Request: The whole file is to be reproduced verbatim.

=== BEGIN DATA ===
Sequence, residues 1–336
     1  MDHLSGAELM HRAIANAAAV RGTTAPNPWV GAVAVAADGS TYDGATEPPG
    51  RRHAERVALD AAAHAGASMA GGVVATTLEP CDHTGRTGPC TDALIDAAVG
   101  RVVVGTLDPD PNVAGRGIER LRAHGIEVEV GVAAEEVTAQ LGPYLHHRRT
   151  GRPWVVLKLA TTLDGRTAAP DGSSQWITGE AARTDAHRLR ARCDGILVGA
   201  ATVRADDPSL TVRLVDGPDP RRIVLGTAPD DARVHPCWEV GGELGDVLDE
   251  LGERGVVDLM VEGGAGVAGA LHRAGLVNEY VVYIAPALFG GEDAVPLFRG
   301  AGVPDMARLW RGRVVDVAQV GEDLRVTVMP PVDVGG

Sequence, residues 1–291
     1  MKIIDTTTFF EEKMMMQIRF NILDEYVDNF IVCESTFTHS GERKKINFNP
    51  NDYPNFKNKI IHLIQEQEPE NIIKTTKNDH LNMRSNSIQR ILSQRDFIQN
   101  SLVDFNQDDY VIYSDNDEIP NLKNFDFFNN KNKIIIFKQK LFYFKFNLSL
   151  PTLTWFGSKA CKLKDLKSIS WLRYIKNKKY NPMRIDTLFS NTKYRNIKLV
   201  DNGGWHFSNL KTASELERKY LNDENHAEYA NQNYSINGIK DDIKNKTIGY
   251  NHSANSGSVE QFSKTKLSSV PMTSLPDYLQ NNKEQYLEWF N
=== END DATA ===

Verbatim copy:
Sequence, residues 1–336
     1  MDHLSGAELM HRAIANAAAV RGTTAPNPWV GAVAVAADGS TYDGATEPPG
    51  RRHAERVALD AAAHAGASMA GGVVATTLEP CDHTGRTGPC TDALIDAAVG
   101  RVVVGTLDPD PNVAGRGIER LRAHGIEVEV GVAAEEVTAQ LGPYLHHRRT
   151  GRPWVVLKLA TTLDGRTAAP DGSSQWITGE AARTDAHRLR ARCDGILVGA
   201  ATVRADDPSL TVRLVDGPDP RRIVLGTAPD DARVHPCWEV GGELGDVLDE
   251  LGERGVVDLM VEGGAGVAGA LHRAGLVNEY VVYIAPALFG GEDAVPLFRG
   301  AGVPDMARLW RGRVVDVAQV GEDLRVTVMP PVDVGG

Sequence, residues 1–291
     1  MKIIDTTTFF EEKMMMQIRF NILDEYVDNF IVCESTFTHS GERKKINFNP
    51  NDYPNFKNKI IHLIQEQEPE NIIKTTKNDH LNMRSNSIQR ILSQRDFIQN
   101  SLVDFNQDDY VIYSDNDEIP NLKNFDFFNN KNKIIIFKQK LFYFKFNLSL
   151  PTLTWFGSKA CKLKDLKSIS WLRYIKNKKY NPMRIDTLFS NTKYRNIKLV
   201  DNGGWHFSNL KTASELERKY LNDENHAEYA NQNYSINGIK DDIKNKTIGY
   251  NHSANSGSVE QFSKTKLSSV PMTSLPDYLQ NNKEQYLEWF N